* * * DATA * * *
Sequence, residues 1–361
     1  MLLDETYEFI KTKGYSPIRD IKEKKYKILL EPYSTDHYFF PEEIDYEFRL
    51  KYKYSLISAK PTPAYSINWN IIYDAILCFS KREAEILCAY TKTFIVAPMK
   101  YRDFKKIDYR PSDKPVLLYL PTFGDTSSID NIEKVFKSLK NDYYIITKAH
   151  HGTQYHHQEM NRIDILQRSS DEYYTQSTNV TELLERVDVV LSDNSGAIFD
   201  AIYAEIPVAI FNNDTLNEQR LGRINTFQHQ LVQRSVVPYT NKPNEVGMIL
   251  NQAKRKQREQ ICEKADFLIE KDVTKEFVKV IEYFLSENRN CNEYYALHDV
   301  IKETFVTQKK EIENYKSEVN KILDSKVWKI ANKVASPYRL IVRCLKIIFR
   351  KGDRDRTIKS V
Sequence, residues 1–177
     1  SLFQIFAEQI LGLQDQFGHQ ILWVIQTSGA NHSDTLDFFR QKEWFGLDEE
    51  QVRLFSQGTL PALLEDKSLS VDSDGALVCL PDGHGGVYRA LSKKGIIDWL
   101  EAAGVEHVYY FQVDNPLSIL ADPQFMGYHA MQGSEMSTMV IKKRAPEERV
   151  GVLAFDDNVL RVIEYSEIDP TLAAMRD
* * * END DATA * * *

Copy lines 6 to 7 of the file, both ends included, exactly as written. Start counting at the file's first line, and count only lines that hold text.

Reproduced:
   201  AIYAEIPVAI FNNDTLNEQR LGRINTFQHQ LVQRSVVPYT NKPNEVGMIL
   251  NQAKRKQREQ ICEKADFLIE KDVTKEFVKV IEYFLSENRN CNEYYALHDV